Upgradation of the Walled City, Lahore

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  • Topic: Pakistan, Walled City of Lahore, Lahore
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  • Published : November 27, 2011
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Assignment : Up gradation of walled city LAHORE
Conservation of the Urban Fabric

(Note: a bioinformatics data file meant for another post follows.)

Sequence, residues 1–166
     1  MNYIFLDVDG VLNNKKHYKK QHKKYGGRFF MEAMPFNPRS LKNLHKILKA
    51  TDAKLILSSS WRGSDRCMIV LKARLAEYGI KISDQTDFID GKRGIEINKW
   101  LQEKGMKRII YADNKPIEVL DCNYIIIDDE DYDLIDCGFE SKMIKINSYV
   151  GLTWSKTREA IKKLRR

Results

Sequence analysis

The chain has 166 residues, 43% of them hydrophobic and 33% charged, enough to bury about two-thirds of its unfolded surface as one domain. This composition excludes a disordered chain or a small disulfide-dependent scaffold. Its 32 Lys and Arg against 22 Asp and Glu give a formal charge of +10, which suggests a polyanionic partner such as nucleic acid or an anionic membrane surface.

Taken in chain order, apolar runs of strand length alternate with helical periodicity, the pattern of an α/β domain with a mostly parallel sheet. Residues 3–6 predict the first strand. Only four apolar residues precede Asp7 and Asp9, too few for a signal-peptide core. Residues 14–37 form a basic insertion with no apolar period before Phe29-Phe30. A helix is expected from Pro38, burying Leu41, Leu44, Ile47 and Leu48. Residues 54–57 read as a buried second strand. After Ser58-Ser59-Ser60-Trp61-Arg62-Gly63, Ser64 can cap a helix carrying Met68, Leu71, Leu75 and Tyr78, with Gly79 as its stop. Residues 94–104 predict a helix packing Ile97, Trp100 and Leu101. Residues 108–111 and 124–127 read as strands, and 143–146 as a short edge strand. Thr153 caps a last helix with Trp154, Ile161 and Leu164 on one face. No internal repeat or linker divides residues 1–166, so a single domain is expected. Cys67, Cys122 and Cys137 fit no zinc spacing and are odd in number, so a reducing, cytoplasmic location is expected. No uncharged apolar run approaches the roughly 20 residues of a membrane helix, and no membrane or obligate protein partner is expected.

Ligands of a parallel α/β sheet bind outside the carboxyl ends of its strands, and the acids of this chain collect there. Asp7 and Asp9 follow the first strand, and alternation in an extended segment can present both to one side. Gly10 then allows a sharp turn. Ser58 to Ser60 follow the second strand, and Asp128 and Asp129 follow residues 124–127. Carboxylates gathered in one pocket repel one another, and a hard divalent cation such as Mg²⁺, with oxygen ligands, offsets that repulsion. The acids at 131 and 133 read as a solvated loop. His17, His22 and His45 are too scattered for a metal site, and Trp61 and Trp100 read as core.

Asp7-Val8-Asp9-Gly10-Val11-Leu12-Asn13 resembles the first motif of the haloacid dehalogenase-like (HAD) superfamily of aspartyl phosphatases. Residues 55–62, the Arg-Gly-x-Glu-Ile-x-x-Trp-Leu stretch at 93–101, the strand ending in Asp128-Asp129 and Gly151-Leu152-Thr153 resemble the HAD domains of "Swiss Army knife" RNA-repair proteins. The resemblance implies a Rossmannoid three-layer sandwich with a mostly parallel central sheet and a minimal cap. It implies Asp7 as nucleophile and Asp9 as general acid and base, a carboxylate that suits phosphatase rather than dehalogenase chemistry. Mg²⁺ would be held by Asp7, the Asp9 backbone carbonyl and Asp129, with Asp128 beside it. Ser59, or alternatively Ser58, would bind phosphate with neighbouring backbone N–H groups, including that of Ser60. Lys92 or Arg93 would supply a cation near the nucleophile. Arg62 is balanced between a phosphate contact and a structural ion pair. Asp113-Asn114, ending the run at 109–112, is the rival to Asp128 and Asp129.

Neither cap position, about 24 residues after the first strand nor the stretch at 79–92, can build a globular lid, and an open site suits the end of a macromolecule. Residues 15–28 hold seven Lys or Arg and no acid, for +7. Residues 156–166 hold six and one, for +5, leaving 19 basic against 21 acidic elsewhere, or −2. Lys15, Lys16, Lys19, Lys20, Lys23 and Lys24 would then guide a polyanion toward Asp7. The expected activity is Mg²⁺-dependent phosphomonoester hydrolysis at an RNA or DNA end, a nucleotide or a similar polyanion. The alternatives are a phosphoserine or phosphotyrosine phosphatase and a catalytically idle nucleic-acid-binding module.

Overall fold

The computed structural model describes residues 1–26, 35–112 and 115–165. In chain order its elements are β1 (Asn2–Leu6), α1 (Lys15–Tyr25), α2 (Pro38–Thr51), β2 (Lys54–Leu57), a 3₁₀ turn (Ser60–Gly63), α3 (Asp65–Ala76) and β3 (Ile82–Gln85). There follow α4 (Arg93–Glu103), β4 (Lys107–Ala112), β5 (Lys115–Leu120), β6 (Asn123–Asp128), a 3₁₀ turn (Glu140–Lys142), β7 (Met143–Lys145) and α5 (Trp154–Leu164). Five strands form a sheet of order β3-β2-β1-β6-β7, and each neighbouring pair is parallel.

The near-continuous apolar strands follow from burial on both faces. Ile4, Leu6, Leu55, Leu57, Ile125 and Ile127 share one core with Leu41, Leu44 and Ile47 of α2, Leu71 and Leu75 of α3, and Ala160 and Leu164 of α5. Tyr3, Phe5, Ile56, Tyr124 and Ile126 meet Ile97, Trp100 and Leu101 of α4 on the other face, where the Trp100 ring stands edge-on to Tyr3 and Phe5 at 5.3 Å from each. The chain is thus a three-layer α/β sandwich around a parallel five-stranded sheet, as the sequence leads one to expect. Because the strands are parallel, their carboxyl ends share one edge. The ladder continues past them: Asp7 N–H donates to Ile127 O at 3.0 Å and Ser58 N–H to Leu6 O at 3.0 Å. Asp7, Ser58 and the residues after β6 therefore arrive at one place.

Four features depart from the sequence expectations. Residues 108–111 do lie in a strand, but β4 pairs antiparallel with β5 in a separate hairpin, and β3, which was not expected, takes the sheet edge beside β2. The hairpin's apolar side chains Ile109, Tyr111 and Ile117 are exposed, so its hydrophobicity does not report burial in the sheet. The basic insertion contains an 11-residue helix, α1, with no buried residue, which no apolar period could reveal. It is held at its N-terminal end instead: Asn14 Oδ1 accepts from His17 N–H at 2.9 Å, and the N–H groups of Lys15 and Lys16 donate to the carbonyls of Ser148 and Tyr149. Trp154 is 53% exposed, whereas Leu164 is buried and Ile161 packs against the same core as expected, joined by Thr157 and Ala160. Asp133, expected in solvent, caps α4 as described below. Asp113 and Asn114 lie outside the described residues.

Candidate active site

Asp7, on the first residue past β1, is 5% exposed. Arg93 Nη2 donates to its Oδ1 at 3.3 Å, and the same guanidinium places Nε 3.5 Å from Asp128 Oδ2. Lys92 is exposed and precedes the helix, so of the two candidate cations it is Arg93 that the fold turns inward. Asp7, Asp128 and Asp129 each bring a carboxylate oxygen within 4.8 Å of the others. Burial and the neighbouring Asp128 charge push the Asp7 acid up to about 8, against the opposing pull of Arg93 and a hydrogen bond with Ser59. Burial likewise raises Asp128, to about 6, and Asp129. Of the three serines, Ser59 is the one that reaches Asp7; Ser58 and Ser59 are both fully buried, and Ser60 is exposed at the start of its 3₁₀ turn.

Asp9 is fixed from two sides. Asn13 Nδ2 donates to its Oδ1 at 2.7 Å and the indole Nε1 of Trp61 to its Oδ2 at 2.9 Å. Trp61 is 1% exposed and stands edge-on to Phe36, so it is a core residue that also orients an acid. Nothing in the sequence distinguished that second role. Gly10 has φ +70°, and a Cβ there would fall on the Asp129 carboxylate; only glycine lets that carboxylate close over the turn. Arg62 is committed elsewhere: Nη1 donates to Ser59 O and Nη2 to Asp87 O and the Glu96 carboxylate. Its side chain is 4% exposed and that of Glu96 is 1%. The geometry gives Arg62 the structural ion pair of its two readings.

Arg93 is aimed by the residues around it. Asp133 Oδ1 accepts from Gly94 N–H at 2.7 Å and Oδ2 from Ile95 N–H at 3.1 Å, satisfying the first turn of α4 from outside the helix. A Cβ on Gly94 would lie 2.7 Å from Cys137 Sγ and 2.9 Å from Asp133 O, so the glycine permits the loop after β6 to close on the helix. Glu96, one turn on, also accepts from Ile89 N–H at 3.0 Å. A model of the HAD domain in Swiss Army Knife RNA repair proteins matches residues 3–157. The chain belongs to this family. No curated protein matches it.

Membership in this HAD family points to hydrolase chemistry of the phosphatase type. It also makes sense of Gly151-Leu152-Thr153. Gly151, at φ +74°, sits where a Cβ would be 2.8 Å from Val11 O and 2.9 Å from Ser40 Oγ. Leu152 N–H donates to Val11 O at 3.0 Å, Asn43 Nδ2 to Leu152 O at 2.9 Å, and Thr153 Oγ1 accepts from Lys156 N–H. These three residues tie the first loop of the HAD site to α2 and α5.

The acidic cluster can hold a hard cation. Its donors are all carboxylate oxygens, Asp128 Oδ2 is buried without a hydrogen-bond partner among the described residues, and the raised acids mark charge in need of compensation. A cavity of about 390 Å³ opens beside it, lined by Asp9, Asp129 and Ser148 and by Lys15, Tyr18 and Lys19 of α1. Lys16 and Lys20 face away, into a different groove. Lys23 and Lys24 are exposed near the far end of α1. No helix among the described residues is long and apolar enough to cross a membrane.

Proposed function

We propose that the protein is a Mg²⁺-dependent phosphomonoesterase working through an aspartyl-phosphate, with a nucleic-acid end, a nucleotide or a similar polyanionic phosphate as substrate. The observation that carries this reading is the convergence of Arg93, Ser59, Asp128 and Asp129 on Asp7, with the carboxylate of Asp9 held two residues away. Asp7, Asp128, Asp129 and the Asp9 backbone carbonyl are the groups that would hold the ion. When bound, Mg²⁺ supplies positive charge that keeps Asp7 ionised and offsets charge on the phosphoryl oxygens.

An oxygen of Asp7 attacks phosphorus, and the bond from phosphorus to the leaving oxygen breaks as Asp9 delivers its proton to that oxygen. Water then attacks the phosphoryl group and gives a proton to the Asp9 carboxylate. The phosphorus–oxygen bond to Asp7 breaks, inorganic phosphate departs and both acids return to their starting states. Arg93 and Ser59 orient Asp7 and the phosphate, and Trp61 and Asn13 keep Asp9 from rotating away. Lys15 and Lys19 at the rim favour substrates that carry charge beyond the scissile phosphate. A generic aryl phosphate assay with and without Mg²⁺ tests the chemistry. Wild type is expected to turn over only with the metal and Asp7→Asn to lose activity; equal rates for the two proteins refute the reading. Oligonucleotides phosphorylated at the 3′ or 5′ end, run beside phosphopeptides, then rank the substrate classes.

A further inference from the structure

Walled City of Lahore, PakistanZachary M. KronINTRODUCTIONThis case study on urban development in the province of Punjab focuses on the Pakistan Environmental Planning and Architectural Consultant's efforts to create and implement an urban conservation plan for the walled city of Lahore in the early 1980's. With a population of four million in 1992,1 this old quarter of Lahore is under tremendous pressure from commercial and industrial interests, which as yet have little regard for the historic nature of the city. In addition to these active menaces, the city is struggling to integrate new municipal services into its existent tissue without obscuring its visual character. Although few interventions have actually been achieved, several higher profile "pilot projects" have been carried out in an effort to raise public awareness of the conservation plan.CONTEXTPhysical Lahore is the capital of the province of Punjab, the most fertile area of Pakistan and chief producer of agricultural products for the country. The city is generally arid, except for two months of hot, humid monsoons, and receives less than 20 inches of rain during the course of a year.Historical The earliest credible records of the city date its establishment to around 1050 AD, and show that its existence is due to placement along the major trade route through Central Asia and the Indian subcontinent. The city was regularly marred by invasion, pillage, and destruction (due to its lack of geographical defenses and general overexposure) until 1525 when it was sacked and then settled by the Mogul emperor Babur. Sixty years later it became the capital of the Mogul Empire under Akbar and in 1605 the fort and city walls were expanded to the present day dimensions. From the mid-18th century until British colonial times, there was a fairly lawless period in which most of the Mogul Palaces (havelis) were razed, marking a "decrease in social discipline towards the built environment that has continued unabattingly till today."2Much of the walled fortification of the city was destroyed following the British annexation of the region in 1849, as both a defensive measure to allow the colonists to better control the populous, and as a commercial enterprise in resale of the brick for new projects. In 1864 many sections of the wall had been rebuilt. Major physical contributions of the British to the old city consisted of piped water and well systems established just outside the former walls. The building of the railroad and a station well outside of the old city set the stage for later expansion.3Social and Economic A new wave of destruction washed over the city in 1947 following the partition of British Colonial India into the Hindu majority nation of India and the Islamic Republic of Pakistan. The resulting inter-communal strife destroyed wide areas of the urban fabric, some of which was repaired by the 1952 Punjab Development of Damaged Areas Act. Many of the arriving Muslim families from India moved into the emigrating Hindu residences, although the lower land values of the old city further established the concentration of lower income groups in the city center, with wealthier families residing outside. In the 1950's an organization called the Lahore Improvement Trust attempted to instate a plan for commercial development in the old city, but these efforts were largely without effect.4Between the early 1970's and '80's, 29% of the old city population moved out.The space left by emigrants from the old city has largely been filled by commercial interests, mostly small scale manufacturers and wholesalers, many of whom have national and international clients and do not serve the local community. The advantages for commercial interests are the readily available cheap labor force among the urban poor, as well as relative anonymity, which facilitates the evasion of most national and local taxation....
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